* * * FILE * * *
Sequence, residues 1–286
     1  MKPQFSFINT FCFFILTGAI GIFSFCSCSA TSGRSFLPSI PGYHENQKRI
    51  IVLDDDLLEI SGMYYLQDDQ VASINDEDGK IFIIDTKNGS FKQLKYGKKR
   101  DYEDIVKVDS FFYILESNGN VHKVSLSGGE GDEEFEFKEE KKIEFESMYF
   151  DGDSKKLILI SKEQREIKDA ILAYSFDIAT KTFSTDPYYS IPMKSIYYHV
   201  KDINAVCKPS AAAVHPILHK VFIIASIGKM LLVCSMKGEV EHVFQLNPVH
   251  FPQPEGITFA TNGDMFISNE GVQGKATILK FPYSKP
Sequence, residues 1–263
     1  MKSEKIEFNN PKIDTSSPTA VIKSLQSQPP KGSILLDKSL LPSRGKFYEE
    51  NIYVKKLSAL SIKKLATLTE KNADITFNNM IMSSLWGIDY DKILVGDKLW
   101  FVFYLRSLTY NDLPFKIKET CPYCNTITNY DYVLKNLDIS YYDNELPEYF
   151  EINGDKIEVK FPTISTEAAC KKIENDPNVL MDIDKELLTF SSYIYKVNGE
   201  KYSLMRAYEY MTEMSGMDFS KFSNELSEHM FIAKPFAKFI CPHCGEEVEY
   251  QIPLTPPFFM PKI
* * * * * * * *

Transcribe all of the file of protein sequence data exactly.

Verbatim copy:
Sequence, residues 1–286
     1  MKPQFSFINT FCFFILTGAI GIFSFCSCSA TSGRSFLPSI PGYHENQKRI
    51  IVLDDDLLEI SGMYYLQDDQ VASINDEDGK IFIIDTKNGS FKQLKYGKKR
   101  DYEDIVKVDS FFYILESNGN VHKVSLSGGE GDEEFEFKEE KKIEFESMYF
   151  DGDSKKLILI SKEQREIKDA ILAYSFDIAT KTFSTDPYYS IPMKSIYYHV
   201  KDINAVCKPS AAAVHPILHK VFIIASIGKM LLVCSMKGEV EHVFQLNPVH
   251  FPQPEGITFA TNGDMFISNE GVQGKATILK FPYSKP
Sequence, residues 1–263
     1  MKSEKIEFNN PKIDTSSPTA VIKSLQSQPP KGSILLDKSL LPSRGKFYEE
    51  NIYVKKLSAL SIKKLATLTE KNADITFNNM IMSSLWGIDY DKILVGDKLW
   101  FVFYLRSLTY NDLPFKIKET CPYCNTITNY DYVLKNLDIS YYDNELPEYF
   151  EINGDKIEVK FPTISTEAAC KKIENDPNVL MDIDKELLTF SSYIYKVNGE
   201  KYSLMRAYEY MTEMSGMDFS KFSNELSEHM FIAKPFAKFI CPHCGEEVEY
   251  QIPLTPPFFM PKI